The Leaderless Revolution
“Idealistic and impassioned, wide-ranging and concise, pragmatic and eloquent, . . .”
Nearly a half century ago, the Beatles sang,
“You say you all want a revolution
Well, you know
We all want to change the world.”
But who is going to lead this revolution? The Beatles? Some politician? Who?
Since then, there have been any number of revolutions: in values, technologies, business models, industries, disciplines, and more. At the very time The Beatles were singing about wanting a revolution, management guru Peter Drucker proclaimed The Age of Discontinuity, the title of his highly influential book. Dr. Drucker's message was that the relative continuity in many aspects of life and society throughout much of the 20th century was being shoved aside, replaced by “discontinuity,” as the forces of change overwhelmed and revolted against the patterns of continuity.
Subsequently, any number of authors added their own interpretations of the incipient revolutions movement: Alvin Toffler with Future Shock, John Naisbitt with Megatrends. . . .
Historians will likely chronicle the current period as a time of revolution. People in any number of places have revolted against long established political systems and entrenched monarchs. In the U.S. the self-styled Tea Party is pushing for change, challenging the established political order, backing and electing candidates, committed to reducing both government and the taxes to pay for government.
Each of these revolutions is unique, yet each shares a common attribute that is the focus of the insightful study by Carne Ross, The Leaderless Revolution: How Ordinary People Will Take Power and Change Politics in the 21st Century.
Whereas place distances and communications, information, and transportation technologies earlier mandated representative democracy, whereby the people elected others to make decisions on their behalf, today these factors no longer are barriers to deliberative democracy, in which the citizen can directly explore and engage in issues.
Notwithstanding, the capacity for citizens to be more directly engaged the political space is dominated not be citizens but by big business and the wealthy, resulting in politics as a spectator sport of “we observe, they do.”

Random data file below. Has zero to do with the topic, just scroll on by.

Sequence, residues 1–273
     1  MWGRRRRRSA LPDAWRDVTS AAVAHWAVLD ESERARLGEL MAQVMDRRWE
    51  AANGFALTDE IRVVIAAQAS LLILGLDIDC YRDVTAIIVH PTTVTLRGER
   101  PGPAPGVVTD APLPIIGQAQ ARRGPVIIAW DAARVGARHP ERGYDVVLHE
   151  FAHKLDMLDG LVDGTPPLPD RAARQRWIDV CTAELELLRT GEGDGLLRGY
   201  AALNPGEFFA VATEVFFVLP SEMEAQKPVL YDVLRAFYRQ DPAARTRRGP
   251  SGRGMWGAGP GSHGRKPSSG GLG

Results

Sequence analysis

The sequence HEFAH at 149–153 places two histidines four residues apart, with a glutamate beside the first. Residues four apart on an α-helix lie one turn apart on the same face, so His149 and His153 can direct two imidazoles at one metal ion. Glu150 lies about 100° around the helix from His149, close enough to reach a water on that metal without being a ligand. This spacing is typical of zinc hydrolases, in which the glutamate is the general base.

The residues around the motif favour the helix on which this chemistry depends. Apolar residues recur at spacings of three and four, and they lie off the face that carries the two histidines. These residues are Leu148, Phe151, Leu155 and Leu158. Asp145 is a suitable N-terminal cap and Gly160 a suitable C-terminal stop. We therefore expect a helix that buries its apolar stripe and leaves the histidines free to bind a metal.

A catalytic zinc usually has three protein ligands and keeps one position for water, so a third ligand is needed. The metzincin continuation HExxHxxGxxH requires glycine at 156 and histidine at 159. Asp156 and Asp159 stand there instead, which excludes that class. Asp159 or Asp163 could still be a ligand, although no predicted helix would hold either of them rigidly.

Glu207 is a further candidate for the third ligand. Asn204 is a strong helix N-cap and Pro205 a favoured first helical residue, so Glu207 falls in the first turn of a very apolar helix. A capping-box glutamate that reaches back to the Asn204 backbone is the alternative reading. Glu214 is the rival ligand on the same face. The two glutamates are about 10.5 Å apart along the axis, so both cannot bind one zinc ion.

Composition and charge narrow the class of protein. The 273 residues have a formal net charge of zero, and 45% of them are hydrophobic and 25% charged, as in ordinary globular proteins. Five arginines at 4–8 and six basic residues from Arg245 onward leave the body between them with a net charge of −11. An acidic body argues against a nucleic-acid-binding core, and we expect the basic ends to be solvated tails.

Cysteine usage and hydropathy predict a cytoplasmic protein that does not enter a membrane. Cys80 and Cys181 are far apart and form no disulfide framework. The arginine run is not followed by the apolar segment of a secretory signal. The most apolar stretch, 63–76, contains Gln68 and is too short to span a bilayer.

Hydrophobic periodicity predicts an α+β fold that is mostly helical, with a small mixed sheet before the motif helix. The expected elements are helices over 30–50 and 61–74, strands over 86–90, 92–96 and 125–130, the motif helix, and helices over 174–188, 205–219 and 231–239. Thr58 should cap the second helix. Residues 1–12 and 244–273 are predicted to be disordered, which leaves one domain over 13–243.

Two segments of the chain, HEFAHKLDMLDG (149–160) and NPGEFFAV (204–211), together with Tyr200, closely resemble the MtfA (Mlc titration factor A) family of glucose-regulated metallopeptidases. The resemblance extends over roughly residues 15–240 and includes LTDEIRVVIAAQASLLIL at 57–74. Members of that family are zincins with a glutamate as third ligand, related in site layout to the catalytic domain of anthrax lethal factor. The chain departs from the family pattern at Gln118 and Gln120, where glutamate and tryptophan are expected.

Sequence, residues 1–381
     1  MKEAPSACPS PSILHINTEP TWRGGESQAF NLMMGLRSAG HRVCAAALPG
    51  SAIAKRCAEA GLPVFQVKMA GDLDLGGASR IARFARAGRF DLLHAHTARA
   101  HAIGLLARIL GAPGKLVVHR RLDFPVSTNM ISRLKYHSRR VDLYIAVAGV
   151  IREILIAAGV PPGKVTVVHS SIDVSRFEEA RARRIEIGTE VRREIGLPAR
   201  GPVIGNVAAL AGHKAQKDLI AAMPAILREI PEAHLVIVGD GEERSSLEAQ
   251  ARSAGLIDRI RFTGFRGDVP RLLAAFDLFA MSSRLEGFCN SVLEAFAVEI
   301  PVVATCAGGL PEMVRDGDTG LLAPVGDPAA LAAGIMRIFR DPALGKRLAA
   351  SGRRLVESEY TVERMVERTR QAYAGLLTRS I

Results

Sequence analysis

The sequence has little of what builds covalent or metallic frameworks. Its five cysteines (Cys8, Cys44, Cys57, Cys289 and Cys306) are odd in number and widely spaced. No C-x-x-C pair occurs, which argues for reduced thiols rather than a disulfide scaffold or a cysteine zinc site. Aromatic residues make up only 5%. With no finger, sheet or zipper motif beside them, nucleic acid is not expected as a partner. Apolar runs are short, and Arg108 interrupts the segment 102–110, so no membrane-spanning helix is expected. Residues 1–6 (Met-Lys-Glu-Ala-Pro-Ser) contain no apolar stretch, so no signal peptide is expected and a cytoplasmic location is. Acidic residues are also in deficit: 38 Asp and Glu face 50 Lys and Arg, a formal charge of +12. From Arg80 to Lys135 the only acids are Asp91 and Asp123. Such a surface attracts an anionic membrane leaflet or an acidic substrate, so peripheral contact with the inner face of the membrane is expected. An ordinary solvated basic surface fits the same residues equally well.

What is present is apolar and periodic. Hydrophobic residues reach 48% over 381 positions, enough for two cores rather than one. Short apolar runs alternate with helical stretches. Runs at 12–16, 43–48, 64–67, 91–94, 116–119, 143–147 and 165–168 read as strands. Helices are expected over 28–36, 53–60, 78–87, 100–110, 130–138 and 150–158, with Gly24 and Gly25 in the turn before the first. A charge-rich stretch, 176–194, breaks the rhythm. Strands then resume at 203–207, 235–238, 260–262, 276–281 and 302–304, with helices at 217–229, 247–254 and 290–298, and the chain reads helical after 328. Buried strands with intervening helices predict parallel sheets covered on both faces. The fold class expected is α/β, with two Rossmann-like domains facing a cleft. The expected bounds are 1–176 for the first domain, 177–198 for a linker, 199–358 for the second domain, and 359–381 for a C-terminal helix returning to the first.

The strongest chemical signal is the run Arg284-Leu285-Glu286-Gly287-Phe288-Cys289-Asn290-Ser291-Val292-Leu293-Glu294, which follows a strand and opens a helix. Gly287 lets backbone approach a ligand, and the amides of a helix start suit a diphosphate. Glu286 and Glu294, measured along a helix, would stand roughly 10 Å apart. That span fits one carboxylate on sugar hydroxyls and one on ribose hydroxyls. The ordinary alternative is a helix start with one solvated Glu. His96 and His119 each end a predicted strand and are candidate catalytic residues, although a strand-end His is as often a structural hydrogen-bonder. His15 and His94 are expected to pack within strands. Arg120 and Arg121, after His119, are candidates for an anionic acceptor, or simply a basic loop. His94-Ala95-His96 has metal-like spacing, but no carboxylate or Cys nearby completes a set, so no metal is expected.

In his book the author “argues that people will benefit by taking charge of their shared affairs locally, but crucially this means that they must also have agency over those decisions: control.”
The intersection of polarizing partisanship, causing diffusion of the common, leads to greater relative power for the special interests. And the emphasis on specialization manifested by staff focus on parts lead to missing the big picture and governments ignoring warnings of wrongdoing, as most visibly evidenced by the Bernie Madoff criminal conspiracy.
Carne Ross avers, “Things do not seem to go as planned. The system is broken. Meant to bring order, it foments instead disorder. We need something new.” The author’s experience in government dysfunctionality includes being deemed the U.K. “Iraq expert,” though having never been to the place. Now running Independent Diplomat, an advisory group working with countries and political groups throughout the world, his perspectives are informed by earlier service as a senior British Diplomat, which role he himself ended by resigning over the 2003 Iraq War.
From any number of commentators, in every media from the talk shows to print journalism to social network conversations to the blogosphere, The Leaderless Revolution stands out in its insightful treatment of the nuance-colored, complex, seemingly irrational and inexplicably tumultuous events. Government is not well positioned to do what it is tasked to do.
The problems are unfamiliar, their causes misunderstood. The people and process are not adequately equipped for the tasks. Officials focus on and pursuit of politics and power, leading them to emphasize simplicity in confronting challenges characterized by great complexity.
Though extraordinary resources devoted to “myriad international problems that cross frontiers,” the lattice of organizations, hundreds of meetings, and thousands of delegates involved collectively produce no evident progress and may actually aggravate for citizens exacerbate the very issues that they are charged to address and resolve.